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  • Writer's pictureJohn Woodman

Blackpool's Trams Deserve a Pantheon

Open Balcony Standard Car 146 stands at the Layton terminus in the late 1920s.

Blackpool's national role in urban transport development started on its never ending journey in 1885 and has still to be fully recognised. Apart from sporadic tilts at acknowledging the evolution of the town's pioneering electric tramway; such as the impressive Centenary procession in 1985, not much else in the form of tangible recognition has arisen in past decades. It was left for the most part to museums and enthusiast support elsewhere for many of Blackpool's few historic trams to find a permanent refuge. The solitary remaining 'conduit car' from 1885 was first despatched to Clapham until it joined other tram 'relics' at the Crich museum after its brief reappearance by the seaside in 1985. The equally historic 'Dreadnought class' tram, a design unique to Blackpool from the turn of the 20th Century, is now esconced within a walled up mausoleum in Clay Cross, Derbyshire, whilst sundry other exiles from the Promenade trundle up and down a former quarry site in the Peak District.

Much like Blackpool's fame for aviation 'firsts' and association with aircraft pioneers; beginning in 1909 then moving onward to not one, but two airports, and one of Britain's largest bomber assembly plants - bits of which are still extant along Squires Gate Lane; the town's history (beyond the hard to ignore Tower) are clouded in opaque mists of time. Occasionally the local newssheet gives space (nostalgia sells more copy these days) to period then and now archive images, with little in the way of forthright in-depth coverage. The town's Art Gallery, once a time capsule of civic heritage, is now a London controlled platform for self-promoted displays showcasing wannabe creative talent parachuted here from down south, or indeed anywhere other than the Fylde coast. The museum's founding collection and artifacts of any to the town have been consigned to some anonymous shed or basement away from the public gaze.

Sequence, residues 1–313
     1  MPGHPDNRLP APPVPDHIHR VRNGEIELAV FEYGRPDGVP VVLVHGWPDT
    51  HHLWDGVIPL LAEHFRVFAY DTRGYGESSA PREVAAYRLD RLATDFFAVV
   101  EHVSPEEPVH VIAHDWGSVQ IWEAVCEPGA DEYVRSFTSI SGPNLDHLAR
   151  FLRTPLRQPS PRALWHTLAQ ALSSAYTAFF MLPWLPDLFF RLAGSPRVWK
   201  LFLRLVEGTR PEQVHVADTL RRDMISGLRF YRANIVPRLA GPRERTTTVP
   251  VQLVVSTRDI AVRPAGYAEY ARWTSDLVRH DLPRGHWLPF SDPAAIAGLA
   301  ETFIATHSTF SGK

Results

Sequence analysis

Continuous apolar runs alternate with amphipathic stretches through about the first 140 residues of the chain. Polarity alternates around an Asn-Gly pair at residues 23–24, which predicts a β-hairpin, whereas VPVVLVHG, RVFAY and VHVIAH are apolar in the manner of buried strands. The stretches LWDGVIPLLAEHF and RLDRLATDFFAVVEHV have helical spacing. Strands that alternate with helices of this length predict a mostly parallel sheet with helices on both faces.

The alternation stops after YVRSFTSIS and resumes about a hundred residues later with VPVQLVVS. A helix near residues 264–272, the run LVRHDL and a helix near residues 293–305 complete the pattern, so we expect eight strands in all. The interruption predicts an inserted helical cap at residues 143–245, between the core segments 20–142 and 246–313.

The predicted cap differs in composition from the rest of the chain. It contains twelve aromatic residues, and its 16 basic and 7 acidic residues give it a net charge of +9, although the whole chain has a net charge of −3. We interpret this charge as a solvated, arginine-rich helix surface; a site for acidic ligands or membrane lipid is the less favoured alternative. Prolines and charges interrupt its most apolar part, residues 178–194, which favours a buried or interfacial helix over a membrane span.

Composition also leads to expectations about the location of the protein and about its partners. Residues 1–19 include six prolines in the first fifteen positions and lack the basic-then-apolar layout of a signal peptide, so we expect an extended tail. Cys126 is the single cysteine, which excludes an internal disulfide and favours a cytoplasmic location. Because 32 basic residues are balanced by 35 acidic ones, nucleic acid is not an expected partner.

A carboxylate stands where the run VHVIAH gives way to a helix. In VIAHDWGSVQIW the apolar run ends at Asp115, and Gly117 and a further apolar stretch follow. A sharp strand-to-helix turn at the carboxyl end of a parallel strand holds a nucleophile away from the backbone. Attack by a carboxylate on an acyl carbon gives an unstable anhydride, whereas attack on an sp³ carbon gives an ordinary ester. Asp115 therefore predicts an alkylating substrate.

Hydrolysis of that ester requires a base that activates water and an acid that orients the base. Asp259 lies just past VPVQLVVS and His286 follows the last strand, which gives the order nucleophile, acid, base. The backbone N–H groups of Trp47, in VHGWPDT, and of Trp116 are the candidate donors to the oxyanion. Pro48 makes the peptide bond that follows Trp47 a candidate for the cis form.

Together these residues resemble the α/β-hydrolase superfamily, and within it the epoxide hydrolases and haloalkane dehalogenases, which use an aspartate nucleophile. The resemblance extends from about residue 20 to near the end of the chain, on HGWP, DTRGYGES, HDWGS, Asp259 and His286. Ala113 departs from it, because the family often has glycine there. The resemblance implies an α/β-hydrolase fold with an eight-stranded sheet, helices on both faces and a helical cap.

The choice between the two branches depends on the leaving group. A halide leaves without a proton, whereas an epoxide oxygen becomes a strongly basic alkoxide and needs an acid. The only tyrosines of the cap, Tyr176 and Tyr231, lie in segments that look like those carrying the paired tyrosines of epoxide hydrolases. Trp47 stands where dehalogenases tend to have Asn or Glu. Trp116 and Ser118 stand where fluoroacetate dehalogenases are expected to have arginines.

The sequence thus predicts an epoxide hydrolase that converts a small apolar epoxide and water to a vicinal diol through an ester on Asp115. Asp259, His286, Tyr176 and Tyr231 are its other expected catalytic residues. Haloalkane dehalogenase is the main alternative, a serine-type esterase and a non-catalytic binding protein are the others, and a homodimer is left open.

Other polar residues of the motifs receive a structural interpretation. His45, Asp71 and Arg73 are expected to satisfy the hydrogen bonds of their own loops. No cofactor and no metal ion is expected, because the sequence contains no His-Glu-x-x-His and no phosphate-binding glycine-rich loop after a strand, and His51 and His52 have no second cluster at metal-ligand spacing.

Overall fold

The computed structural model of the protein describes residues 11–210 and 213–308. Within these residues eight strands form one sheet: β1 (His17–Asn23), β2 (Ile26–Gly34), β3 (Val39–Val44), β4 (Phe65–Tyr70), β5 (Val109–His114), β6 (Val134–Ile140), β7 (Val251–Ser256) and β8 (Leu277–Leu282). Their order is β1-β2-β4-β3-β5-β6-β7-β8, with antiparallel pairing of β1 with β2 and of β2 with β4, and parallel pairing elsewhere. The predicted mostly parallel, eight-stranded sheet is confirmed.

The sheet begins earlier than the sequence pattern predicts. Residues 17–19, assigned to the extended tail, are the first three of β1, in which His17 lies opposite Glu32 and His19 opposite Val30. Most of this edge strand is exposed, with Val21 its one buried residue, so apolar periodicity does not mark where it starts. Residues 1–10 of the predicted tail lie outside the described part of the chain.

Where once an original tram stop stood marking the spot where Mr Holroyd Smith (he of Halifax) together with the town's worthies officially laid that first tram rail in 1885 marking the commencement of the country's very first electric 'street' tramway - now nothing. Of course there is the benefit of transient travelling memorials emerging from the tram depot on Hopton Road - providing momentary testament to former times in the resort's transport history; but lamentably nothing whatsoever in the way of an educational or permanent interpretive display available to the wider public (and all those 19 million visitors).

From time to time glimmers of Council-think emerge from Bickerstaffe House on the merits (and demerits) of a broader exhibition on Blackpool's transport heritage; but these seemingly disappear in closed door conclaves from which decisions are notable by their absence. The financing implications surrounding new-build transport headquarters to be sited elsewhere for generations of new buses and the expanding tramway bedevil strategies which seemingly see the Council-owned 'arms-length' transport company (BTS) shifting from its almost century old premises on Rigby Road.

What then the future for the remaining tram heritage held there? Apart from the meritorious work of volunteers manning 'heritage tram tours' trundling up and down the seafront - emergence of a permanent exhibition and educational display that embraces well over the hundred years of municipal transport innovation is overdue - in Blackpool. A far more modest but exemplary initiative is now underway in Fleetwood favouring the seperate but parallel history of that town's own electric tram service linking it with Blackpool since 1898. In tandem with highlights of Fleetwood's engagement with the fishing industry and its famous trawler fleets, a year round heritage attraction is being closely examined by private sector interests.

All the more reason for any new strategies impacting on Blackpool's economic and visitor profile now give due consideration and credible attention into creating a vivid insight on how this town embraced electric power for lighting and trams from the late Victorian era into the current millenium. Digging up tramrail from another era when trams once ran up and down Talbot Road to Layton, is a pertinent reminder of chapters once closed, and which are now being reopened. There is much much more to be revealed and placed on permanent display within a panoply of road, rail, sea and air exhibits - starting with that missing Tramway Centenary tram stop unveiled near North Pier in 1985 and now hidden, or otherwise disposed of by ill-caring civic conservers.

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